NATIONAL: MICHAEL BRULL* evaluates the NT government’s new position on grog following the findings of the Kwementyaye Briscoe inquest.
In some countries, the institutionalisation of racism would be controversial. In a civilised country, where racism was regarded as a bad thing, one would expect a public outcry.
Australia, however, is a different type of country.
We saw this with the passing of the Intervention for five years, and then Stronger Futures for a further ten years.
And we are now witnessing it with the latest moves of the Northern Territory government.
Reported in the Australian (October 19, 2012), it began by noting that the “threat of mandatory rehabilitation will be used to intentionally push problem street drunks out of public view and into the ‘scrub’, as part of the new Northern Territory government’s approach to tackling alcoholism”.
The Minister for Alcohol Policy, Dave Tollner explained that “the problem we have in NT is that we have these people in such obvious locations.
“Businesses, the tourism industry are just screaming blue murder that this is going on in our faces every day. The first thing we want to do is to clear the drunks off the streets.”
Those who failed to attend mandatory rehabilitation would be sent to prison farms.
The hope was that “problem drunks will get the message that they can’t drink in public spaces — the public has just had enough”.
Richard Chenhall, a lecturer in medical anthropology, was quoted as arguing that “the approach is more about getting problem drunks – read: Aboriginal people drinking in public spaces – off the streets… The policy is effectively criminalising drunkenness, which is barking back to a previous era”.
We can put this in some political context.
In the middle of September, the coronial inquest report into the death of Kwemnetyaye Briscoe was released.
Its conclusions, at a glance, appeared rather scathing. Coroner Greg Cavanagh found that:
“the care, supervision and treatment of the deceased while being held in custody by the NT Police was completely inadequate and unsatisfactory and not sufficient to meet his medical needs.
“This lack of care resulted in his death, that is to say, this death was preventable and it should not have occurred… these were not the isolated failures of one or two rogue policemen in an otherwise well managed environment.
“In my view the catalogue of errors is so extensive, and involved so many police officers of various ranks, as to suggest mismanagement for a period of time by Police Command at a level higher than just “local”.
However, a closer look at the report revealed its extraordinary deference to the police.
Virtually every judgment call by the police is supported or justified by Cavanagh, and he routinely accepted police justifications for police assaults on Kwementyaye Briscoe, which did not cause his death, but did cause facial bleeding.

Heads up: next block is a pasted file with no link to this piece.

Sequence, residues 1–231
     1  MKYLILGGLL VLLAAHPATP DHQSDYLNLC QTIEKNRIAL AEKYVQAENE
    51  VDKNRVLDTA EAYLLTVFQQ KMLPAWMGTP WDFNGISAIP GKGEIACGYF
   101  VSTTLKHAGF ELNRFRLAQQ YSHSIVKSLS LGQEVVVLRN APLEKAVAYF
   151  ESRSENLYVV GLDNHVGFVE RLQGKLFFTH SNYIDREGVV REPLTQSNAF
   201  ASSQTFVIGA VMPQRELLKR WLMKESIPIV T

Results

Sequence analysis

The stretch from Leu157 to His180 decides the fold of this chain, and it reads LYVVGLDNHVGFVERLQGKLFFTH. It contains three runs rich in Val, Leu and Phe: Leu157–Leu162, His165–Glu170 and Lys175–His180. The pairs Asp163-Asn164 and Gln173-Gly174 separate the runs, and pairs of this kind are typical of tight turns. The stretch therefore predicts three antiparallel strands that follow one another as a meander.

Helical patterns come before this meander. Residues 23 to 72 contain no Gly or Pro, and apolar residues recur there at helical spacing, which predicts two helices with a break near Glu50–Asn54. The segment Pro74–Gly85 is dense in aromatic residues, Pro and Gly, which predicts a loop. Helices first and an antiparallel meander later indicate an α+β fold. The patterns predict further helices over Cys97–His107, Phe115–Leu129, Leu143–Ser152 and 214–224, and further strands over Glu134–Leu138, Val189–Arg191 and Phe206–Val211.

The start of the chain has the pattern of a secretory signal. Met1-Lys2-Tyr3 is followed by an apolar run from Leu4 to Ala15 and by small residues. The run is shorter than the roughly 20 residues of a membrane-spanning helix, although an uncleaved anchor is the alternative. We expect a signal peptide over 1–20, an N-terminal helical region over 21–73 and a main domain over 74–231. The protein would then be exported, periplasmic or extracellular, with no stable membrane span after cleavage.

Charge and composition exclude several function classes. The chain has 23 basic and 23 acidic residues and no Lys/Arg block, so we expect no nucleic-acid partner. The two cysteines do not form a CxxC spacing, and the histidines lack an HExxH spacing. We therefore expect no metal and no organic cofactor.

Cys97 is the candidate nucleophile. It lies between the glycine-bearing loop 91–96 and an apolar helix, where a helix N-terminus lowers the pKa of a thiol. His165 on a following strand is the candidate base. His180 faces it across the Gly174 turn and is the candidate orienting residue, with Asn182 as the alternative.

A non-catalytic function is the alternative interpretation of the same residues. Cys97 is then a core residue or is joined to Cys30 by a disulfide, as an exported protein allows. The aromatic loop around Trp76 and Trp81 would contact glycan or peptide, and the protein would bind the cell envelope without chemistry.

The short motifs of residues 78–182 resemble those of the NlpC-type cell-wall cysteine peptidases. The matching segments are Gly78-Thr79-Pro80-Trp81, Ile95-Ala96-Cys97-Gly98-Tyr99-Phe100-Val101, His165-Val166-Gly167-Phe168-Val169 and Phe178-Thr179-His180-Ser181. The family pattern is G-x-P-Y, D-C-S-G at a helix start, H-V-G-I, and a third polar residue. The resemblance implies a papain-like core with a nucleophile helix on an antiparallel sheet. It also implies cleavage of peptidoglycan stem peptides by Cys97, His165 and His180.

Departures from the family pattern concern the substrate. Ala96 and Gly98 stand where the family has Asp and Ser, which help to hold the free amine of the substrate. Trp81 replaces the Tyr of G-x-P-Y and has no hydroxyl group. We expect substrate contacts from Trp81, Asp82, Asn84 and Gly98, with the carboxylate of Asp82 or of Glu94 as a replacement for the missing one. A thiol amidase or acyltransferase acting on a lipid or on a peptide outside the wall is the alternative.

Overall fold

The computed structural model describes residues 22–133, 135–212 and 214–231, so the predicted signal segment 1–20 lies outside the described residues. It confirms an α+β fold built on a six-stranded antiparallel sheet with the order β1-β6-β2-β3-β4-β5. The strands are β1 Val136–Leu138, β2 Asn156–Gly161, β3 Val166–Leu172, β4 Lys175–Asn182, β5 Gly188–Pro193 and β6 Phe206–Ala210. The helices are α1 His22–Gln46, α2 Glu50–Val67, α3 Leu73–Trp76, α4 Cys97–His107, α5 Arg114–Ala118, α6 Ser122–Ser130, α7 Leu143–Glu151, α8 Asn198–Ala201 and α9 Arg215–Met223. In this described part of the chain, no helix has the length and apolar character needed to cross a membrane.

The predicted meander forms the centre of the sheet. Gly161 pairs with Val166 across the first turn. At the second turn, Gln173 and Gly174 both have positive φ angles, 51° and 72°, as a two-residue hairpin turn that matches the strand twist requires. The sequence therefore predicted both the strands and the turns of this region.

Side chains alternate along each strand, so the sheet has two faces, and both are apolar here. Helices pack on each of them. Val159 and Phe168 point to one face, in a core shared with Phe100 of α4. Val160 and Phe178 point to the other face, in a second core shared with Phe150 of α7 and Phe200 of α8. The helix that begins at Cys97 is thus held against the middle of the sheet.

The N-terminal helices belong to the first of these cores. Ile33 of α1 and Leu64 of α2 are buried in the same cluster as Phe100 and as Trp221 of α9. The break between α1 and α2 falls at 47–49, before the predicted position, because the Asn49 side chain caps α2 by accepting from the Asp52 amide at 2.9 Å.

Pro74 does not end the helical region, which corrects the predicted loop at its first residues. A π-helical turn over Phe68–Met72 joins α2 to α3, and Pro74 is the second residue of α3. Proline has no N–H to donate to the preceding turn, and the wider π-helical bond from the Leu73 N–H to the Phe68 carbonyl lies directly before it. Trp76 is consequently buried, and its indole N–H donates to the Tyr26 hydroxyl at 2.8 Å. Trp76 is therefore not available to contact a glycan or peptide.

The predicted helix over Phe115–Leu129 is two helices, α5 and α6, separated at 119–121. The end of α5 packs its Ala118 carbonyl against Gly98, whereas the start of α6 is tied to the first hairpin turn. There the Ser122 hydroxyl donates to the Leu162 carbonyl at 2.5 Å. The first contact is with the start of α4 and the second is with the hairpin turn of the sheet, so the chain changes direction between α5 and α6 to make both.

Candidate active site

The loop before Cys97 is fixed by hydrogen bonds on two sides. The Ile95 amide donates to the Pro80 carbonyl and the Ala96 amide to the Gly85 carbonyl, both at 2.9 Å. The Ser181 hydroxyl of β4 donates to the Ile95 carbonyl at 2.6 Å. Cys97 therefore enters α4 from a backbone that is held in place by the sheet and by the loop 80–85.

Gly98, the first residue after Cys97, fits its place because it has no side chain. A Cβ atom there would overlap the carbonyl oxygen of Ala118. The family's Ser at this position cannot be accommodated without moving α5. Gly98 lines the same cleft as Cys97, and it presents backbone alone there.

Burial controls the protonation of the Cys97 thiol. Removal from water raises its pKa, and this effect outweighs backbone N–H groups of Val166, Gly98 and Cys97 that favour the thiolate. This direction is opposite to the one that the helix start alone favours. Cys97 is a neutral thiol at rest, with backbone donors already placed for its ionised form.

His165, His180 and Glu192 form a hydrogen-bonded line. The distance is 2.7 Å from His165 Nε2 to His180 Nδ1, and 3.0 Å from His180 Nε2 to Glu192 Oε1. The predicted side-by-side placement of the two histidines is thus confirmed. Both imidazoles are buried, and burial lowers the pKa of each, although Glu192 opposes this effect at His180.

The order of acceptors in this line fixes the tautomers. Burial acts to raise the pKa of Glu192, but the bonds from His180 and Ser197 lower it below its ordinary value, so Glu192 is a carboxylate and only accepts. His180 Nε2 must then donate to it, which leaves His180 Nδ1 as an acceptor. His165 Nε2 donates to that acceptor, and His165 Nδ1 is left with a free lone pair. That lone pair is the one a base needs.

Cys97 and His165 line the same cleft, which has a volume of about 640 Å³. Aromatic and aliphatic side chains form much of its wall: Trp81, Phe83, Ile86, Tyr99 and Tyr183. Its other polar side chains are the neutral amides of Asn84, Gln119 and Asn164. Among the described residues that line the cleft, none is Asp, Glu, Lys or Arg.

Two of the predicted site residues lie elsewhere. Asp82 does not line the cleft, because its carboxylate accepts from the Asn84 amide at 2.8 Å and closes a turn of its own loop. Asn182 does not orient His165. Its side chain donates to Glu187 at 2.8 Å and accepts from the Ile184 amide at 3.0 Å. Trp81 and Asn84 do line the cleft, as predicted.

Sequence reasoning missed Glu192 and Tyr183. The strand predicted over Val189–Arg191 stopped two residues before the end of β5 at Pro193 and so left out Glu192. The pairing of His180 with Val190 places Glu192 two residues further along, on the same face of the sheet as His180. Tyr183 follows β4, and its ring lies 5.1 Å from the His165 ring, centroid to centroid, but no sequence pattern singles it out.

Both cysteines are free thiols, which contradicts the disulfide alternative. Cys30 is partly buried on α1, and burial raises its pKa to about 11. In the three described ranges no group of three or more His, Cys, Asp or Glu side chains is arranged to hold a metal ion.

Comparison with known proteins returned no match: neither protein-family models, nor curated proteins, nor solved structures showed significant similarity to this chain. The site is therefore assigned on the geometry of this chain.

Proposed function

Cavanagh noted that lawyers for the police submitted that “this is not a case where officers should be viewed as brutal or uncaring or inhumane, but rather ‘[t]his was a situation in which decent people made errors’. I unreservedly accept that submission.”
Let us pause to note just a few facts about what happened.
When Briscoe was carried to his cell and dumped, face down, in a plainly awkward position, other prisoners called to police to take him to the hospital, as his head was “pissing out blood”.
The police do not dispute this happened. They just did not think it worthwhile to give Briscoe any medical attention, until they revisited his cell hours later, when he was already dead. Cavanagh noted that a prisoner said “we told them to give him some medical attention and they didn’t seem like they cared”.
Cavanagh himself noted that “in a watch house full of prisoners and police officers of various rank, only the prisoners spoke out about the need for immediate medical care”.
Yet the police were not, in Cavanagh’s view, uncaring.
At the same time, Sergeant William McDonnell was performing the role of Watch House Commander, and noticed there was more blood on the floor.
As noted by Cavanagh, “his subsequent comment of “Ohhh, I did a biohazard clean just before. What’d he do, fall over again?” was made with an insouciant sigh.
“It is deeply disappointing that he did not inquire further about the welfare of the prisoner who blood was spilt”.
It is worth reflecting on a police sergeant who was more concerned about having to clean up blood on the floor, than checking on the person from whose head the blood came.
Yet Cavanagh did not think this qualified as uncaring.
Within an hour the shift changed. One police officer, warned that Briscoe was “blind” drunk, informed the two probationary constables, David O’Keefe and Janice Kershaw, to keep Briscoe under “close obs”.